The Administration’s Clean Power Plan (the "Plan"), released on June 2 and published on June 18, confirms that climate change mitigation goals are now a key driver of both environmental and energy policy. By imposing total power sector CO2 emission reductions of 30 percent (from 2005 levels) by 2030, the Plan is likely to trigger both a wholesale shift of power production fuel usage from coal to natural gas and renewable energy, and a critical debate about energy resource priorities.
The Plan reflects the latest development in a multi-year conflict over climate change legislation and energy policy. Early in the Administration’s first term, a "cap and trade" approach was proposed by Congressional Democrats and opposed by most Congressional Republicans. The opponents prevailed, effectively blocking the legislation.
The Plan substitutes a "command and control" approach for cap and trade legislation. Although less economically efficient than cap and trade, the Plan’s compelling advantage is that it can be implemented under existing provisions of the Clean Air Act (in this case, Section 111(d)). In other words, EPA can enact the Plan without Congressional action or approval.
Key elements of the Plan include the following:
- States must implement carbon dioxide limits that result in total power sector emission reductions of 30 percent (from 2005 levels) by 2030.
- States can use any or all of four "building block" approaches to achieve the Plan’s objectives, including (i) improved power plant efficiency, (ii) increased use of lower-emitting fossil fuel-fired power plants, (iii) increased use of non-emitting generation resources (e.g., solar and, wind), and (iv) increased end-user efficiency.
- States may act on their own or "collaborate" on multi-state plans for achieving the targeted emission reductions.
Substitution of the Plan for cap and trade legislation highlights a recurring and daunting set of issues. In a sector full of government subsidies and other incentives, how can policy create a marketplace where all manner of energy resources compete on a level playing field? Equally important, how can policy reforms "internalize" the environmental costs of greenhouse gas emissions where an entire industry has been built on the assumption that carbon emissions from fuel combustion are cost-free?
When it becomes final, the Plan is certain to reduce emissions from coal-burning plants. However, the Plan’s real success will turn on whether it facilitates sustainable choices between natural gas and renewable resources. Natural gas has advantages over coal – most notably lower carbon content – but is less than ideal from an environmental perspective. Methane, the primary component of natural gas, produces about 30 times the greenhouse gas effects of carbon, raising concerns that natural gas well and pipeline leaks could erode the sustainability of natural gas as a fuel.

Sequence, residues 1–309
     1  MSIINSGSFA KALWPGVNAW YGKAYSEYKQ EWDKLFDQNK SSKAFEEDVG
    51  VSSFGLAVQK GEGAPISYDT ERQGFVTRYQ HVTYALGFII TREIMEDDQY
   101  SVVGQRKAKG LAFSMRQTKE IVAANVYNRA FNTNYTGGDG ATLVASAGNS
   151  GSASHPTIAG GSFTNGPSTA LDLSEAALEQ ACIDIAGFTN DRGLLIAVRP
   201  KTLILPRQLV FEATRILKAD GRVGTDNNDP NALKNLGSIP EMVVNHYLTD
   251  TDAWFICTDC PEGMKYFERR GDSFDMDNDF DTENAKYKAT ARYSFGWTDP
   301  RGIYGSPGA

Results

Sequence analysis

Natural gas is also subject to price volatility. The so-called "gas bubble" of the 1980s illustrates the boom-to-bust cycle that results from a gas-focused power sector. By contrast, renewable resources have thus far proven to be more economically sustainable, with prices likely to remain stable-or even decrease-for years to come.
With fast-ramping generation and storage technologies that support reliable production, renewable resources are a viable alternative to a gas-centric economy. Moreover, policy reforms that address key regulatory issues (e.g., federal versus state authority to mandate demand response programs, rate incentives for "ancillary services" and new approaches for reducing fugitive emissions from natural gas wells and pipelines), and promote innovative technologies and know-how, will further enhance the Plan’s effectiveness.
The United States cannot be competitive in a global economy if it is saddled with burdensome energy and environmental costs. However, prior experience with cap and trade regimes (e.g., EPA’s "Acid Rain" Program) and other models demonstrate that mandated emission reductions stimulate technology innovations and spur economic growth.
The Plan complements market based approaches implemented by various states. Over 28 states have adopted renewable energy portfolio standards and at least 15 states have committed to some form of regional "cap and trade" regime. Even emerging markets in Latin America (eight of them to date) have enacted or announced programs to mitigate climate change, including (in at least one case) a carbon tax.
In short, the Plan is more than an air-emission regulation. It advances the dialogue regarding how best to evaluate the relative merits of natural gas versus renewable resources and creates incentives for innovation in all manner of power generation facilities. Finally, while it may not present a complete solution to the challenges of climate change, it sets the stage for developing sustainable energy resources through mutually reinforcing energy and environmental policies.